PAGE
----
Chinese wall goes back a long time, and probably didn't originate with IBM. The term likely referenced the Great Wall of China and is used in business to denote a segregation of information with-in the company. Often for regulatory purposes.

      The case you are talking about, at least the second half, I have always heard called a Clean Room Implementation. Although I guess they could work in parallel. You get the requirements (headers, API definition) and write your own implementation. There have been a number of JVMs built this way. Clean Room's purpose is to negate lawsuits, but doesn't always work.

  13. Electronics'R'Us Silver badge
    Facepalm

    Discrimination

    There's another word that has been hijacked by taking one of the many contextual meanings and suggesting it means only that.

    One can find discriminating diners; is that offensive to crappy food (or more to the point the people who put it together).

    Then there are the discriminating opera lovers (who may find Puccini somewhat gauche - another word that can have some people in a rage),

    I am not suggesting that illegal discrimination (choosing something based on a view of a particular person's <skin colour / lifestyle choice here> for whatever reason) should be the norm; what I would like is for these people (who seem to have far too much time on their hands) to understand the nuance of language.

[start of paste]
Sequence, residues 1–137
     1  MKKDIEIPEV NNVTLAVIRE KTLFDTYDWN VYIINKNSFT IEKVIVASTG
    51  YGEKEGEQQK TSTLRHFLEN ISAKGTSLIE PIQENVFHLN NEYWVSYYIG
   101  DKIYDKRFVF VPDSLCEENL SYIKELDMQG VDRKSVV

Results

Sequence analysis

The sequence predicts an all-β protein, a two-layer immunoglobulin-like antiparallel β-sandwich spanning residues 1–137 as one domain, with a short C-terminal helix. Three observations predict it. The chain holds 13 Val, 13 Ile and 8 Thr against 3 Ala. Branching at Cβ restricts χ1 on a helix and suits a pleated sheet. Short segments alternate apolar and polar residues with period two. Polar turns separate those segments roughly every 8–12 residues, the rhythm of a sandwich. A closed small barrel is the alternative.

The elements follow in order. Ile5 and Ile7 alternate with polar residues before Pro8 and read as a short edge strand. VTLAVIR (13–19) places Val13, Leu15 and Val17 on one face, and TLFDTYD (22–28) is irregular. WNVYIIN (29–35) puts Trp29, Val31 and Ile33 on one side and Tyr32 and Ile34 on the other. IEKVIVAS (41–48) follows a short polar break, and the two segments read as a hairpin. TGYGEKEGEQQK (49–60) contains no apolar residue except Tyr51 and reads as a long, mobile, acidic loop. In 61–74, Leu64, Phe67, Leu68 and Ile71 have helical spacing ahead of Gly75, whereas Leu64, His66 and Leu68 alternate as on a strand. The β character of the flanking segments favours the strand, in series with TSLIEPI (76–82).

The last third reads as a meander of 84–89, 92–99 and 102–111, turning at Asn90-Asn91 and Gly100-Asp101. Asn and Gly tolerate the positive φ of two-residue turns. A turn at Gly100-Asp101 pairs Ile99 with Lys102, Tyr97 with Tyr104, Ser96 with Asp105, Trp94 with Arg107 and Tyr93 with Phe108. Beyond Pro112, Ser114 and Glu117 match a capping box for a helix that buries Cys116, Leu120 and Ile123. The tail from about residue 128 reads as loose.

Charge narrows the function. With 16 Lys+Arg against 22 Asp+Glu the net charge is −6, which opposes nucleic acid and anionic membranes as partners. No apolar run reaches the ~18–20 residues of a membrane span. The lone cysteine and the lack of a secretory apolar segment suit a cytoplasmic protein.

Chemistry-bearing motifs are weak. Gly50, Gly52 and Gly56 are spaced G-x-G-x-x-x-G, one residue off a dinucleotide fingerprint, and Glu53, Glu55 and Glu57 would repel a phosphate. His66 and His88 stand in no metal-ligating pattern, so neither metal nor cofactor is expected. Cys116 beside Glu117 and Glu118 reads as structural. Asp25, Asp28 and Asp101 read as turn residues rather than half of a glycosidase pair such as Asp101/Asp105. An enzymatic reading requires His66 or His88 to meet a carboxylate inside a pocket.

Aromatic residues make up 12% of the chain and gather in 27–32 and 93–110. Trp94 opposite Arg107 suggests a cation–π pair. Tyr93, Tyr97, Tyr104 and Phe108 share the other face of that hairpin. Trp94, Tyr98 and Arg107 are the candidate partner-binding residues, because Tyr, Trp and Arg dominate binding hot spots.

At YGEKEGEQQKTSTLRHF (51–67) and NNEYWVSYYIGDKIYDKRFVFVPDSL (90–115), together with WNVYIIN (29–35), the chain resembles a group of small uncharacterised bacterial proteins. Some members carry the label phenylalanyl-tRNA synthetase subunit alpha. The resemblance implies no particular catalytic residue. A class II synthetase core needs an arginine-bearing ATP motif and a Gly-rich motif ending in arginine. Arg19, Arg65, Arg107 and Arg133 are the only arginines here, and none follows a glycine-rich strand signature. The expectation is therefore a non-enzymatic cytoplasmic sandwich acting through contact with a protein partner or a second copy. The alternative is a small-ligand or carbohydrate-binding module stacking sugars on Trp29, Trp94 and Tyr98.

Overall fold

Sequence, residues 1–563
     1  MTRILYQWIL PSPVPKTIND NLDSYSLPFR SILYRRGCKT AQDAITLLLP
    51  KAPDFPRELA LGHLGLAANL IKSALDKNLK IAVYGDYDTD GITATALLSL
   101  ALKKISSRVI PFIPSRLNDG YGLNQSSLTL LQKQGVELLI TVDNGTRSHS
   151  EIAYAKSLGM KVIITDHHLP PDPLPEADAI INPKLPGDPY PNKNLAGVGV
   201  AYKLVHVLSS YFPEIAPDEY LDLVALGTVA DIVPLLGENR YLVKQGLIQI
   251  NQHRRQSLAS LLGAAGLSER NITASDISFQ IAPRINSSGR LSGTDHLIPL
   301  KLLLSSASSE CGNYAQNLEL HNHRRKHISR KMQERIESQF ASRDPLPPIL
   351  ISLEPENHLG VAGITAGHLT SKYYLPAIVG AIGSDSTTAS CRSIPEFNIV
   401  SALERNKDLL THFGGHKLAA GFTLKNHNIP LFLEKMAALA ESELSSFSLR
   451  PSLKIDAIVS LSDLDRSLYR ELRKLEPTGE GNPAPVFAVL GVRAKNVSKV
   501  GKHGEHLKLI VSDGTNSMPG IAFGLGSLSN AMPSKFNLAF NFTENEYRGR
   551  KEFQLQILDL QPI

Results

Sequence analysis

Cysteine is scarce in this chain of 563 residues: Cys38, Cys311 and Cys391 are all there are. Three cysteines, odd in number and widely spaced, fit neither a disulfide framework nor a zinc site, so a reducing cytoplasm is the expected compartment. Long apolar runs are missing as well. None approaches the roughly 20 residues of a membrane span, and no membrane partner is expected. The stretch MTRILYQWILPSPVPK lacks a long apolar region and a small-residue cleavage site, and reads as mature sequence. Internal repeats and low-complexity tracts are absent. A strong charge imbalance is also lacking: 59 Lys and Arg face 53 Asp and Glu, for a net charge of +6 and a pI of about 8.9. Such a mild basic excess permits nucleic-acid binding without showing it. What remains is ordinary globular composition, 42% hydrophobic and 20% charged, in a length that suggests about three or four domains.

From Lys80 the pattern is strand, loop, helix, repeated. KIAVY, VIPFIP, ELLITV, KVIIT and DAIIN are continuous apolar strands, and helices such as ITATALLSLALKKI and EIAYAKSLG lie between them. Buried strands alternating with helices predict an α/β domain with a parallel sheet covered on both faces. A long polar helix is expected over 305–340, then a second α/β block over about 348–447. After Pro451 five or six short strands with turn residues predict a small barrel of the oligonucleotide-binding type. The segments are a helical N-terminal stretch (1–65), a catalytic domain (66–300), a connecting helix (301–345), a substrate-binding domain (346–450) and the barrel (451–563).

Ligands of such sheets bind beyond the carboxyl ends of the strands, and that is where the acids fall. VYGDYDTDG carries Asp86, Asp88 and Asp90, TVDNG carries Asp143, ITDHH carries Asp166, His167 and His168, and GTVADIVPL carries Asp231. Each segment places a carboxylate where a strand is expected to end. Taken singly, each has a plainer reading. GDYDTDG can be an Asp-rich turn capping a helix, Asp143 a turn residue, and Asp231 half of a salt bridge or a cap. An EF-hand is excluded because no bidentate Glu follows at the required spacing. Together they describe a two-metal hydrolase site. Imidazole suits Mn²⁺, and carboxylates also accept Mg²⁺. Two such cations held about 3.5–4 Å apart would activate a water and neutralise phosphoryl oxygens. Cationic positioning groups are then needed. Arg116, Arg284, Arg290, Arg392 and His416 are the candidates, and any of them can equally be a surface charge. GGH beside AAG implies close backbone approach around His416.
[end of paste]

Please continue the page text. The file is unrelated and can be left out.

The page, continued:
When I choose a software tool I discriminate based on features and price, and that is as it should be.

  14. rdhma

    My employer has banned the word 'Native', it must be replaced with 'Default'.

    Posted in my...err.... default language.

    1. Yet Another Anonymous coward Silver badge

      Would it still be your "native" language if you were an immigrant who learned another language at birth?

      1. rdhma

        No, then it would be in a 'second' language. I would still have a native language, it would just be a different one.

        1. Yet Another Anonymous coward Silver badge

          >No, then it would be in a 'second' language. I would still have a native language, it would just be a different one.

          Yes, that was the point. If 'native' was being used as the default language it might not be 'native' to everyone. But don't see how anyone could object to 'native' resolution = the resolution the screen was born with

          1. ThatOne Silver badge

            > don't see how anyone could object to 'native' resolution = the resolution the screen was born with

            Derogatory to screens with immigrant resolutions?

    2. Electronics'R'Us Silver badge
      Devil

      Replacement words

      In emacs when deleting a chunk of text*, one gets the perversely rewarding result '240** characters killed'

      * The last time I used it, anyway,

      ** Your number may vary.

    3. jake Silver badge

      What the fuck is wrong with "native"? I am a native (of Northern California), you are a native (of somewhere), in fact every man, woman and child on this muddy rock are native to somewhere.

      1. ThatOne Silver badge

        It's derogatory to people created in a lab vat (or from sewn-together corpse pieces).

  15. DS999 Silver badge

    Is "Chinese Wall" actually offensive?

    Whether used as a firewall or in the financial world sense of completely separating parts of the business, it is used in the sense of a "really big and hopefully impossible wall to pass". Donald Trump's wet dream, basically. It is quite obvious it came from the Great Wall of China, not because Chinese people themselves are a wall or some type of obstacle in this sense.